Wintermute, one of the most prominent market makers in the cryptocurrency industry, has been hacked. A cybercriminal stole approximately $160 million in various tokens from the company, according to Wintermute’s CEO. However, the company claims it is solvent and still holds twice as much equity as the amount that was stolen.
In the world of web3, market makers like Wintermute play the critical role of providing liquidity to crypto exchanges and decentralized finance (DeFi) platforms. In crypto, “liquidity” basically amounts to the ease at which a specific asset or token can be traded. Higher rates of liquidity allow for more seamless transactions between traders and are an important indicator of a market’s overall health. In short: market makers keep things running smoothly, and they’re a vital service in the operation of exchanges. Of course, things don’t run so smoothly if your market maker gets robbed.
On Tuesday, Wintermute’s founder and CEO, Evgeny Gaevoy, took to Twitter to alert users about the recent theft. “We’ve been hacked for about $160M in our defi operations. Cefi and OTC operations are not affected,” said Gaevoy.
According to the CEO, an unknown hacker managed to steal 90 tokens from the company’s wallet and transfer them to the hacker’s own. Etherscan shows and that the hacker grabbed a host of different assets—Tether, USDcoin, Wrapped ETH, and Dai stablecoin—and that the criminal’s wallet is apparently dubbed “Wintermute Exploiter.”
Gaevoy has assured users that their money is safe: “If you have a [market maker] agreement with Wintermute, your funds are safe. There will be a disruption in our services today and potentially for next few days and will get back to normal after,” he said Tuesday.
How did the hacker gain access to the company’s coins? That part is still a mystery. Gaevoy and Wintermute have shared no technical details about what happened. However, some security analysts have speculated that the hack occurred via a hot wallet compromise as a result of a recently discovered bug in Profanity, a popular cryptographic tool used to generate wallets. Exploitation of the bug has already led to other hacks.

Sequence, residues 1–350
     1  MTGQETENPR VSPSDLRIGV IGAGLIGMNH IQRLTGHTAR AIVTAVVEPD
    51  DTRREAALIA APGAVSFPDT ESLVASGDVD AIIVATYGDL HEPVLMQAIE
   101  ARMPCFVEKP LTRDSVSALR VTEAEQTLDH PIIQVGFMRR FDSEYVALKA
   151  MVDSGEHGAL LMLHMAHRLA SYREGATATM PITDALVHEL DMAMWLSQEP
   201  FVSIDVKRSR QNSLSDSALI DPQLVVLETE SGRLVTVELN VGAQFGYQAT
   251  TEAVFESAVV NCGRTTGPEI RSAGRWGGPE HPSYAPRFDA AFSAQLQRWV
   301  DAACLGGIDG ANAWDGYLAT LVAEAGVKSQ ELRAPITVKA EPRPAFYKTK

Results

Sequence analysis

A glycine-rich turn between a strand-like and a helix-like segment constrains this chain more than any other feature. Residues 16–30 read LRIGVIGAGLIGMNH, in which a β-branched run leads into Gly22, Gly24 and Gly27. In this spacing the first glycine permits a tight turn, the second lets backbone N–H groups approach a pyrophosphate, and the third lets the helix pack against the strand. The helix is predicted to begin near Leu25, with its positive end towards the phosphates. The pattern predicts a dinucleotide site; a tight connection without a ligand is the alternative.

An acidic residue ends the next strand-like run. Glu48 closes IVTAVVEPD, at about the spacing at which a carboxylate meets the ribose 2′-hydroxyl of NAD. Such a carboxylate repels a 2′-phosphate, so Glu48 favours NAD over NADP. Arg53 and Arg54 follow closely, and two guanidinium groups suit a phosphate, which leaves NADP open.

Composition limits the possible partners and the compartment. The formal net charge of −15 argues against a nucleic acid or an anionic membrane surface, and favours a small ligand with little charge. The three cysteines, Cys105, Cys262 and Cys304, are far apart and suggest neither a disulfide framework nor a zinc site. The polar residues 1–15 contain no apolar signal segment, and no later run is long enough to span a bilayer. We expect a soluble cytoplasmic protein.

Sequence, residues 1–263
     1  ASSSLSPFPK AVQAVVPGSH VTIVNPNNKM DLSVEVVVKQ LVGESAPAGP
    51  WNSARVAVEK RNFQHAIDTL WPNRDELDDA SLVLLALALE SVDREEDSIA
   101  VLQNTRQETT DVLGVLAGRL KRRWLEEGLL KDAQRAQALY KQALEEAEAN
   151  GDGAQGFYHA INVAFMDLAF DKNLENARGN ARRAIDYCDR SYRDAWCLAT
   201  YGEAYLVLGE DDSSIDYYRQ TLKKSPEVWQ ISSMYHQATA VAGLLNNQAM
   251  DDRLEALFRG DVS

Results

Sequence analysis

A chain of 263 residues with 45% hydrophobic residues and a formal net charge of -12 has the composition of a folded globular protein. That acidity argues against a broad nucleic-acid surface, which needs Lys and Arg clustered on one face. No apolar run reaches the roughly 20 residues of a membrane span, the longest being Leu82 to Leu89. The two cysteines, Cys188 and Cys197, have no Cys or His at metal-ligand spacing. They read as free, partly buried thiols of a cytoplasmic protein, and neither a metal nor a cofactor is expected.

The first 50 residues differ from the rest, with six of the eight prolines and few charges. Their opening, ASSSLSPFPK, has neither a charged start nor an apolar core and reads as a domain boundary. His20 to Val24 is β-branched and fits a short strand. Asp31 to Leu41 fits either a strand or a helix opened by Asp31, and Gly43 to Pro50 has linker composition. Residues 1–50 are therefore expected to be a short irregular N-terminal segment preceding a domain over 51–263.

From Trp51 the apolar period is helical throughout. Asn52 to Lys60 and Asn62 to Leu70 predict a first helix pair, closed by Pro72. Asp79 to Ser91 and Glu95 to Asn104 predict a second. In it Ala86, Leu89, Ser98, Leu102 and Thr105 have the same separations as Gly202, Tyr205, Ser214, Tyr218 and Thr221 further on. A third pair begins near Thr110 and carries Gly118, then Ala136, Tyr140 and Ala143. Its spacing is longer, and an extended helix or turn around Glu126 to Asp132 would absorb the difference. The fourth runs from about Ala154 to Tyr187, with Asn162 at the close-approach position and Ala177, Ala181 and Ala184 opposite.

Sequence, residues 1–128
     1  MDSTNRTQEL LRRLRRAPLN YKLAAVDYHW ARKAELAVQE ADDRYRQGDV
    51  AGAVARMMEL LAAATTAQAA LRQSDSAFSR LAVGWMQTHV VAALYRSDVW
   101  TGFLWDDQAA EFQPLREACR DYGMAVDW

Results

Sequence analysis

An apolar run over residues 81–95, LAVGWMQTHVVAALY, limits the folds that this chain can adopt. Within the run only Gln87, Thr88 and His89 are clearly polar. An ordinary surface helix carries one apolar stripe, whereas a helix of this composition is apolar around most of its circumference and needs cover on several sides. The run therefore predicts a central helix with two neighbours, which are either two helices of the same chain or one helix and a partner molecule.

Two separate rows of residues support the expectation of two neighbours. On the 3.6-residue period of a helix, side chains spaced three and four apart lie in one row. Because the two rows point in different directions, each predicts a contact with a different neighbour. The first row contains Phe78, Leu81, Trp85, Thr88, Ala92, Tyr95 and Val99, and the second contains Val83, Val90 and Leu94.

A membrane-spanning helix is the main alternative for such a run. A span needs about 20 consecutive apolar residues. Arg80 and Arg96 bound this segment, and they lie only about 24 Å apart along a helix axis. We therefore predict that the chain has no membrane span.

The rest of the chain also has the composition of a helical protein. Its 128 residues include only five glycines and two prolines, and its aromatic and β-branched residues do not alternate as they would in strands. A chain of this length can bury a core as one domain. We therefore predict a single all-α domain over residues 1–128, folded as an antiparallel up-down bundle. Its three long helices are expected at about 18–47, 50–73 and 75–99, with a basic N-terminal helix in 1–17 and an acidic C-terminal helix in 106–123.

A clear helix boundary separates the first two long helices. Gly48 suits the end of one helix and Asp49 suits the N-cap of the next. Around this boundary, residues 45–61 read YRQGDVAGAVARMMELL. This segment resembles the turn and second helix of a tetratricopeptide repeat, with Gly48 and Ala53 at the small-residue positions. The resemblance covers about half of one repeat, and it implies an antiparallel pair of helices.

Unfortunately, this isn’t the first time Wintermute has had troubles with disappearing coins. In June, the market maker was responsible for the evaporation of some $20 million in Optimism (or, “OP”). After being contracted to provide initial liquidity for the launch of the asset, Wintermute failed to deploy a routine security mechanism. This failure allowed the $20 million in OP to become trapped in a wallet and, as Wintermute fumbled to get it out, a cybercriminal swiped the tokens. Wintermute took full responsibility for the episode, offering to buy an equivalent amount of the money lost. Later, however, the hacker returned most of the stolen crypto.
In this particular case, it isn’t clear whether Wintermute has been in touch with law enforcement or has opened a dialogue with the hacker (as some crypto exchanges have done, in the past). Gaevoy said Wintermute would be willing to treat the breach as a “white hat” hack and allow the hacker to keep some of the pilfered funds should the majority be returned. We reached out to the company for more information and will update this story if it responds.